Israeli Arabs have proposed to establish an International Israel Apartheid Day, to be held every year on July 19 in commemoration of the passage of Israel’s controversial nation-state law, which states that only Jews have the right to self-determination in the land of Israel.
“That is the day of the apartheid law being passed, which makes Israeli Arabs second-class citizens,” former Knesset member Mohammad Barakeh told the Jerusalem Post. Barakeh is the head of the Higher Arab Monitoring Committee, an umbrella group representing Israeli-Arab civil society organisations.
Barakeh, who served in the Knesset for 16 years, was adamant that Israel was a racist state. He told the Post that “our defining it as apartheid is based on a study that found our situation similar to apartheid in South Africa and the American South before the Civil War. It’s not a political decision but a fact.”
Barakeh will seek to bring the Palestinian Authority on board during a meeting slated for early next month. A spokesman for the committee told the Post that the organisers of International Israel Apartheid Day could “learn from what has been done successfully by BDS activists on North American college campuses and implement their ideas.”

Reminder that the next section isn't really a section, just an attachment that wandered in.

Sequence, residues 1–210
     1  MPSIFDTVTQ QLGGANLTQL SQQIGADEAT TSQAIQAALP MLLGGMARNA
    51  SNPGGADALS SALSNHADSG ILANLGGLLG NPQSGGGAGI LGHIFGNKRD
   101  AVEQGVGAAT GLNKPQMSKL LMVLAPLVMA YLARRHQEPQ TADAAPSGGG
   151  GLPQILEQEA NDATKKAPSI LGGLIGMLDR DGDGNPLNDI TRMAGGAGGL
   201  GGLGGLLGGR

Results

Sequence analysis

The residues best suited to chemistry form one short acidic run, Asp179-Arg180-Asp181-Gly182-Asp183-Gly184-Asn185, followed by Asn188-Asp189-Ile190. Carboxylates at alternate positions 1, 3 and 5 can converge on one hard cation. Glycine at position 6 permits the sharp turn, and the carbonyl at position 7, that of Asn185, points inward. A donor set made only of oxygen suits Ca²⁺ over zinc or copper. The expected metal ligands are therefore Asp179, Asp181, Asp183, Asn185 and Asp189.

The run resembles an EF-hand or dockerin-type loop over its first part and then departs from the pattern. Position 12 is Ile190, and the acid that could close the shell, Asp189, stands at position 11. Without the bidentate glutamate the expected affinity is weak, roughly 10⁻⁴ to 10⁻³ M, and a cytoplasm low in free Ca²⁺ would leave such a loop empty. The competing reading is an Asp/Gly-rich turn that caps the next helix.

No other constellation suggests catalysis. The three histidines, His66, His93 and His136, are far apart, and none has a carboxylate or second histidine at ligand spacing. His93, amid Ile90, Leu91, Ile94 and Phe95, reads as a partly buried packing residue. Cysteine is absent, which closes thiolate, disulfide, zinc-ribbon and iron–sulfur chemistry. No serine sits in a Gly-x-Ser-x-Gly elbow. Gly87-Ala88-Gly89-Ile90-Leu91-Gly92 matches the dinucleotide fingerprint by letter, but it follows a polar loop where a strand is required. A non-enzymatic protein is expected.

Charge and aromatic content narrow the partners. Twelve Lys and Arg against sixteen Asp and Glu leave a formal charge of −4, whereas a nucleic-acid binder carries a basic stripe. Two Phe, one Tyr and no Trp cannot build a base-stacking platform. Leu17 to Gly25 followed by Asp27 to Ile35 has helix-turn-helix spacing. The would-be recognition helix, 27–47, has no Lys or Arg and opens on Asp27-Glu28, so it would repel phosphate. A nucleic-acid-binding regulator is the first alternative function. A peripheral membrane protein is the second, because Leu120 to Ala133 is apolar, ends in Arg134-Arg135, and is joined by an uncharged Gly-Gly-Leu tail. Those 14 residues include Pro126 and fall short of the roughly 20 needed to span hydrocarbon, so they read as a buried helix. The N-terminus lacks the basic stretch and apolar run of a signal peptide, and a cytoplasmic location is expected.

Many campuses around the world already hold annual Israel Apartheid Week events. Those events rarely distinguish between Arab citizens of Israel and Palestinians living under Israeli control in the West Bank.
Tens of thousands of Israeli Arabs, some waving Palestinian flags, attended a protest organised by the Higher Arab Monitoring Committee in Tel Aviv’s Rabin Square on Saturday, Aug. 11. Speakers at the rally railed against what they described as a law that formalised a racial hierarchy among Israeli citizens in which Arabs enjoyed a diminished legal status compared to Jews. Some protesters waved Palestinian flags.
Prime Minister Benjamin Netanyahu held up the flags as an example of why the law was needed in the first place, saying that “many of the demonstrators want to abrogate the Law of Return, cancel the national anthem, fold up our flag and cancel Israel as the national state of the Jewish people.”
On its page of frequently asked questions, Israel’s Ministry of Foreign Affairs rejects the apartheid charge.
“Like most other Western democracies with a sizeable minority population, Israel still has a great deal to do before absolute equality can be achieved,” the page reads. “However, the disparity between the situation of Arab-Israelis and the situation that existed in South Africa is so vast that no legitimate comparison can be made.”
The page notes that “Arab Israelis can vote, live where they want, receive excellent medical care and practice whatever profession they” choose. It also notes that Arab Israelis serve on the Supreme Court, in the Knesset, in diplomatic positions, and “in almost every sphere of Israeli life.”